It’s Friday, so that means it’s time for This Week in Social Analytics and our favorite posts of the past week in the world of measurement, analytics, and social media. See a great piece we missed? Link to it in the comments!
“Josh Brown, a financial adviser at New York-based Fusion Analytics who is known as The Reformed Broker to his 35,000-plus Twitter followers, says many of his friends at major brokerage firms regularly visit sites like Twitter, just to keep tabs on the chatter.”
“The mental hurdle that bank officers needed to overcome when starting out in social media was the fear of ‘losing control’ of their marketing message. For many of the Marketing Committee members, platforms like Facebook were widely misunderstood. A majority of time at the beginning of this project was spent educating the bank about how social media marketing works (different from traditional media) and how it can effectively be applied to create a deeper loyalty within their customers.”
“At times the Twitter conversation is more liberal than survey responses, while at other times it is more conservative. Often it is the overall negativity that stands out. Much of the difference may have to do with both the narrow sliver of the public represented on Twitter as well as who among that slice chose to take part in any one conversation.”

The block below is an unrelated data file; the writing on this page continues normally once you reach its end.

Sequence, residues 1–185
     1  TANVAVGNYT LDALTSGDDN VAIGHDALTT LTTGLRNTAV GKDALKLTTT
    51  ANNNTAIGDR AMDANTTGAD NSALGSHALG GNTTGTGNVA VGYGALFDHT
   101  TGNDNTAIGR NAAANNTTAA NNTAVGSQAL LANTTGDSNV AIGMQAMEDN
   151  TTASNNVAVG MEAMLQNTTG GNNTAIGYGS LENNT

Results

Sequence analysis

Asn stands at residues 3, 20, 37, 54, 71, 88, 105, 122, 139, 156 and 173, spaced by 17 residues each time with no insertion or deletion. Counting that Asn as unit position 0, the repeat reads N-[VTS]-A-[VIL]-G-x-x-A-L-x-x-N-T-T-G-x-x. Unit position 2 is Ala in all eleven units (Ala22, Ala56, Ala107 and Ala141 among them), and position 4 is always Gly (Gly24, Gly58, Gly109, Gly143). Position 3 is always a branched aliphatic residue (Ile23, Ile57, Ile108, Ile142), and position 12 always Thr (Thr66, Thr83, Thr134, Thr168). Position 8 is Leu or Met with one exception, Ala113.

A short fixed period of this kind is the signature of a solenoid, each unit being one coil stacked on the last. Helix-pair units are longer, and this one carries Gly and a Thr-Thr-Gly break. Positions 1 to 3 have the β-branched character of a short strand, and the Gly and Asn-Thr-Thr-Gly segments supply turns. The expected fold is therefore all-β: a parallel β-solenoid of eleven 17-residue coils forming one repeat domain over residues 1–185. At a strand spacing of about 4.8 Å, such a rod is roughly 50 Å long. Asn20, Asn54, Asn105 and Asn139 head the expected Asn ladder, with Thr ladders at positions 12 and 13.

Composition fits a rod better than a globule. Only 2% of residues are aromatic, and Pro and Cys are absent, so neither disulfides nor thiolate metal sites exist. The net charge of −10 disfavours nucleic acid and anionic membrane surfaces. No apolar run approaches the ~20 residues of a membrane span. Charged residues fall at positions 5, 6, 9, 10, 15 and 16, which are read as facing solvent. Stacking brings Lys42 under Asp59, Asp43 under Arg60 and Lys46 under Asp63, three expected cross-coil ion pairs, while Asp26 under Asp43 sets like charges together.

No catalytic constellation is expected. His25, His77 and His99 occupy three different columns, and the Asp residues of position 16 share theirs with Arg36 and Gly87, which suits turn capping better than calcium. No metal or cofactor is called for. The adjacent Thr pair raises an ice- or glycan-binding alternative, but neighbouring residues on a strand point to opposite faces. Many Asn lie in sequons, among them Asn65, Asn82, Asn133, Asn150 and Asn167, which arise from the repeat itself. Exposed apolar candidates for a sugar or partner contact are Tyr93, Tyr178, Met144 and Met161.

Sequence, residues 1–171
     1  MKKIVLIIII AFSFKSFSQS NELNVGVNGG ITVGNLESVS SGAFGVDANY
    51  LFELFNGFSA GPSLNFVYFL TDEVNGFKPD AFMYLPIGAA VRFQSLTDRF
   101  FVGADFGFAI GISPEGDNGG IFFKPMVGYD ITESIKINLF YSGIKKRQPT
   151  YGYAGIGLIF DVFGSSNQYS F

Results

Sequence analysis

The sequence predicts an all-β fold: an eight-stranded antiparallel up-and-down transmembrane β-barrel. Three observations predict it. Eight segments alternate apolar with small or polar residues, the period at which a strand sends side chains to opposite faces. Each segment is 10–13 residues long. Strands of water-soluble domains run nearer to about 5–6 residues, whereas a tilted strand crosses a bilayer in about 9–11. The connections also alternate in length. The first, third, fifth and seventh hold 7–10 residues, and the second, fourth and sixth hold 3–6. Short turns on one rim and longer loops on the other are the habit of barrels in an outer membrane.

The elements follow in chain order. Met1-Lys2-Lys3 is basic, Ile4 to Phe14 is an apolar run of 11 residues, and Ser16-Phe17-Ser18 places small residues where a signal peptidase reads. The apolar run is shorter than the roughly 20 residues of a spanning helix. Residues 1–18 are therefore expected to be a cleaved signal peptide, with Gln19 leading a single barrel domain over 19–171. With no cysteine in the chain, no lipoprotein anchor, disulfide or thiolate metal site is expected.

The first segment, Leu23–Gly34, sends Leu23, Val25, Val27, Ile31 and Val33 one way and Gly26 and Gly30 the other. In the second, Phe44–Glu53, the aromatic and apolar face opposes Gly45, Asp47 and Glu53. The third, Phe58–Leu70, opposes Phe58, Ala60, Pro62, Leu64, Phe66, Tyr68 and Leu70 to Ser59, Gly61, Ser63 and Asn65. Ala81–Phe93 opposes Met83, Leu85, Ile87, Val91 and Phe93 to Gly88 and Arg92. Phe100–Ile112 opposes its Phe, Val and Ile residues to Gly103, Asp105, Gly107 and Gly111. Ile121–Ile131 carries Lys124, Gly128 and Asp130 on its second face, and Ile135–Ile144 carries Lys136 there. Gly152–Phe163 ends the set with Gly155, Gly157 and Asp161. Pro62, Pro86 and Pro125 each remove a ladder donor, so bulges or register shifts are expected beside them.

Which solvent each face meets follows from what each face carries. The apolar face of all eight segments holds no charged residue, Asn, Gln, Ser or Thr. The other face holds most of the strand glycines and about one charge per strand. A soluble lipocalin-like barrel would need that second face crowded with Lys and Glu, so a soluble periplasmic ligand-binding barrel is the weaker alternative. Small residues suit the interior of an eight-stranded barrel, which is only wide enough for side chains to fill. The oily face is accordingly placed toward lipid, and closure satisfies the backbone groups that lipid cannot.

See the full article for charts on when Twitter’s reaction was more conservative, when it nearly matched public sentiment, and more.
“. . .there is a common thought in the digital universe that goes like this: create relevant content and consumers will continue to connect with your brand. It’s not a zero-sum game and it’s not an all-encompassing strategy. It may be in marketers vested interest to adjust that theory to this: create relevant content and your heavy users may continue to connect with your brand.”
Consists of “7 Questions Every Small Business Must Ask To Succeed” and “Actionable Marketing Tips” for each point
Dealing with Social Media Criticism: Deflect, Defy, Defend? [from KISSMetrics; written by Neil Patel]
“According to a study by RightNow, when customers did receive a response to their complaint, almost half of them were pleased by the company’s interaction, and 22% of those customers posted a positive comment about the company or brand. Keep in mind that this is the same company they were bashing just recently.”